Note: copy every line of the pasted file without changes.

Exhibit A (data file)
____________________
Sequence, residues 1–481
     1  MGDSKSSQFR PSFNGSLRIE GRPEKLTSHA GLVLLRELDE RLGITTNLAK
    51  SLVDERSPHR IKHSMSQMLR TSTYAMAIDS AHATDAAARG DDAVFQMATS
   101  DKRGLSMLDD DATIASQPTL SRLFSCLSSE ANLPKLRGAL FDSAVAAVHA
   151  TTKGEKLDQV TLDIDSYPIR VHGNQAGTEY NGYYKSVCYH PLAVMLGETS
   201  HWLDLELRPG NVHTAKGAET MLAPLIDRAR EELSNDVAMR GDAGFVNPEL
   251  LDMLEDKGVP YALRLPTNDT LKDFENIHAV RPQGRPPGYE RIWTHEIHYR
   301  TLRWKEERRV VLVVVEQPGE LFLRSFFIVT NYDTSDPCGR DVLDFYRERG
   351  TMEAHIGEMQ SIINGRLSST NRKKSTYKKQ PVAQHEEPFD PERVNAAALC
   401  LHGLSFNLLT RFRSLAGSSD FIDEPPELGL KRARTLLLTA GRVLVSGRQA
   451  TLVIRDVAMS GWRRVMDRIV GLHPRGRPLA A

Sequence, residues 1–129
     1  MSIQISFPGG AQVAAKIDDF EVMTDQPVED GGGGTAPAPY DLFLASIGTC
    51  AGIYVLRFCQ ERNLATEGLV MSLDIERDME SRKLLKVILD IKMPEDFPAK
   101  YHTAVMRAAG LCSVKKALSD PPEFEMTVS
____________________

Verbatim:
Sequence, residues 1–481
     1  MGDSKSSQFR PSFNGSLRIE GRPEKLTSHA GLVLLRELDE RLGITTNLAK
    51  SLVDERSPHR IKHSMSQMLR TSTYAMAIDS AHATDAAARG DDAVFQMATS
   101  DKRGLSMLDD DATIASQPTL SRLFSCLSSE ANLPKLRGAL FDSAVAAVHA
   151  TTKGEKLDQV TLDIDSYPIR VHGNQAGTEY NGYYKSVCYH PLAVMLGETS
   201  HWLDLELRPG NVHTAKGAET MLAPLIDRAR EELSNDVAMR GDAGFVNPEL
   251  LDMLEDKGVP YALRLPTNDT LKDFENIHAV RPQGRPPGYE RIWTHEIHYR
   301  TLRWKEERRV VLVVVEQPGE LFLRSFFIVT NYDTSDPCGR DVLDFYRERG
   351  TMEAHIGEMQ SIINGRLSST NRKKSTYKKQ PVAQHEEPFD PERVNAAALC
   401  LHGLSFNLLT RFRSLAGSSD FIDEPPELGL KRARTLLLTA GRVLVSGRQA
   451  TLVIRDVAMS GWRRVMDRIV GLHPRGRPLA A

Sequence, residues 1–129
     1  MSIQISFPGG AQVAAKIDDF EVMTDQPVED GGGGTAPAPY DLFLASIGTC
    51  AGIYVLRFCQ ERNLATEGLV MSLDIERDME SRKLLKVILD IKMPEDFPAK
   101  YHTAVMRAAG LCSVKKALSD PPEFEMTVS